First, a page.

As Carmy points out, “God’s answer to Job (chapters 38–41) contains little or nothing that would count as an argument on theodicy.” Instead, God draws attention to his creative power and “celebrates the sheer fecundity of the world.” The logic is similar to Genesis 5. The dead end of evil is not argued away. It is answered by an upsurge of life’s greater power, the relentless flow of generation and the profligate abundance of reality.
This is not a “solution” to the problem of evil. But it is a way forward. Many of us have experienced the loss of a parent, or even a spouse or child. In the face of this loss, there is nothing that can be said. We offer condolences and make gestures of solidarity. We know intuitively that death and loss—evil—isolate. Emotional pain, like physical pain, draws us down into the pit.
C. S. Lewis depicts those most fully in evil’s grip as isolated in hell, living as remotely from other humans as distant stars. For this reason, we intuitively know that for those undone by the death of those whom they love, it is a consolation simply to be with others as they suffer in their grief.
From time immemorial, men have raised monuments to dam up the eroding currents of time. The pyramids at Giza are exercises in theodicy, the piling up of stones to assert an enduring existence against the power of death. This is not the biblical pattern. When a young mother brings her infant to the funeral, we feel the power of God’s fecundity. “Choose life!” It can be hard. The grip of grief can feel like cold, unbreakable iron. Yet in a child’s urgent cries, calling for his mother’s breast and oblivious to the bitter tears shed by grown-ups around him, life chooses us. These moments are natural foretastes of the supernatural mystery of election, the reality of being chosen by the author of life.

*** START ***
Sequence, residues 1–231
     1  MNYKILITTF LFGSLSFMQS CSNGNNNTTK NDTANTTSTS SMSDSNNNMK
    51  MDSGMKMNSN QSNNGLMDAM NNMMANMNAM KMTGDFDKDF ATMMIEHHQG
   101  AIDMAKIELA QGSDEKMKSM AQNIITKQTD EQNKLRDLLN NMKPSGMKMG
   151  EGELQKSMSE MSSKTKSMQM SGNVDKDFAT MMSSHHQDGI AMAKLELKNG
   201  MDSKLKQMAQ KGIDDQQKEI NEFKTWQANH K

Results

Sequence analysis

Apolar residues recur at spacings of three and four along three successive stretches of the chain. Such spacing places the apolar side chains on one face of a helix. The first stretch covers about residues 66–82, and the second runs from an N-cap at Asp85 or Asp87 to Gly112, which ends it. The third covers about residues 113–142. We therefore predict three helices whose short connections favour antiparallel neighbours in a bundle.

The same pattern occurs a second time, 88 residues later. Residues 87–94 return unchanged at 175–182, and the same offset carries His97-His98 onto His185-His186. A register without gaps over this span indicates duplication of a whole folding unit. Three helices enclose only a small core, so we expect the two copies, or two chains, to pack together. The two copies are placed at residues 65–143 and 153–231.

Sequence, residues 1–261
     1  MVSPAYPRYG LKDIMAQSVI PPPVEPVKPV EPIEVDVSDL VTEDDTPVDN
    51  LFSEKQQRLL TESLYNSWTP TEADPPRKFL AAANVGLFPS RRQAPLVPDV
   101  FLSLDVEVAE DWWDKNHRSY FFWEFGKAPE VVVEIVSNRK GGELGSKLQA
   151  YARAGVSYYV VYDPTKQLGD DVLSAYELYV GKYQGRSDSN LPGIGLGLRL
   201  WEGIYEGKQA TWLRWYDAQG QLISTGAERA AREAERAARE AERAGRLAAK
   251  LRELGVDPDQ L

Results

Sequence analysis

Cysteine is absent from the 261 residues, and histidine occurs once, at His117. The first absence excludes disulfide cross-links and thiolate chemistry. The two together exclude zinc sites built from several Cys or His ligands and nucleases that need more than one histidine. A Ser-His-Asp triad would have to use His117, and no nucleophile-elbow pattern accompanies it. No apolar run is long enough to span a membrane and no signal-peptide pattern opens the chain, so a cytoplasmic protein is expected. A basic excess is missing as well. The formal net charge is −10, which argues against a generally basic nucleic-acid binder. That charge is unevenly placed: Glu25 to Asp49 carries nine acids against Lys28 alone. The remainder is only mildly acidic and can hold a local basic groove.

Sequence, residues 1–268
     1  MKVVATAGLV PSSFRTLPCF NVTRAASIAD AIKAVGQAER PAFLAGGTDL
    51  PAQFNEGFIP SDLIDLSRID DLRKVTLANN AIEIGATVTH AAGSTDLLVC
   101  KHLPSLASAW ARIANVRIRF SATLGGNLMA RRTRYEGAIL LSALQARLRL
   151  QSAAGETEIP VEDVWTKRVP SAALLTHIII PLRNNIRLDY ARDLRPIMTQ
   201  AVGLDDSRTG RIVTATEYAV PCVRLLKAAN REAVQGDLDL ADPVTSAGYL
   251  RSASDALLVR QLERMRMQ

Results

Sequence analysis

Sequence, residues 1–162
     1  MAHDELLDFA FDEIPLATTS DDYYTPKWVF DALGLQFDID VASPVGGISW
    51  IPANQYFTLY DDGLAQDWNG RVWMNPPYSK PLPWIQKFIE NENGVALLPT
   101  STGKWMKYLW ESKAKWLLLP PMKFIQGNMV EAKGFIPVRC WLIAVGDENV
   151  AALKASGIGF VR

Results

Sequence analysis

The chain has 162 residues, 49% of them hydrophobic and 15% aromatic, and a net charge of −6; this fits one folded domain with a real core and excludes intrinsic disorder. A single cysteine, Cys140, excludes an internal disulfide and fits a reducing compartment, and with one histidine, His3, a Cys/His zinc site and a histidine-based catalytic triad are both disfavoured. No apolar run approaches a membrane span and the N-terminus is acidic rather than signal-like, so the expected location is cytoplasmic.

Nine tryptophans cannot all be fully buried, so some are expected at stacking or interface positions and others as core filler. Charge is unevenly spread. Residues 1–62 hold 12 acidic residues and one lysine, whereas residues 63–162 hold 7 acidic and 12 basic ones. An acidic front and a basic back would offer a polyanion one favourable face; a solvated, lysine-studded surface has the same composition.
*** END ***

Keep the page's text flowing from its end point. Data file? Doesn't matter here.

while we’re at it
♦ In response to Romanus Cessario’s review of The Unpublished Memoirs of Edgardo Mortara (February), a number of commentators expressed anxious concern about what Kevin J. Madigan calls the “troublingly reactionary turn” at First Things (Commonweal, January 25, 2018). He charges us with “nostalgia” for pre–Vatican II Catholicism. Making sure his readers get the meaning of that “nostalgia,” he suggests that I’m running a magazine that gives a nihil obstat to anti-Semitism.
I’m unimpressed. In his review, Cessario points out that Jews do not recognize baptism as a transformative, identity-changing sacrament. One would think this non-controversial. My Jewish friends respect my pious observances. In our present, secular context, they are grateful for the Catholics who take their tradition seriously. But they don’t share my theological convictions. Madigan latches on to Cessario’s observation, however, telling us that it veers “dangerously close to the hoary slur that blindness prevented Jews from acknowledging the truth of Christianity.” Hoary slur? I suggest Madigan consult St. Paul’s Letter to the Romans, chapter 11, verses 7–10.
Christians have a great deal to repent of in our history of mistreatment of Jews. But Madigan is typical of those who fail to reckon with the realities of our faith. He says that Vatican II and “several popes” have rejected what he calls “classical Christian supersessionism.” That’s not true. Those conciliar documents and decrees rejected the crude and popular versions of supersessionism that led to teachings of contempt and licensed anti-Semitic persecution and violence. They did not set aside fundamental New Testament teaching about Christ fulfilling the law and the Church assuming the eschatological role of the holy people of God. These remain points of tension in theological discussions with Jews.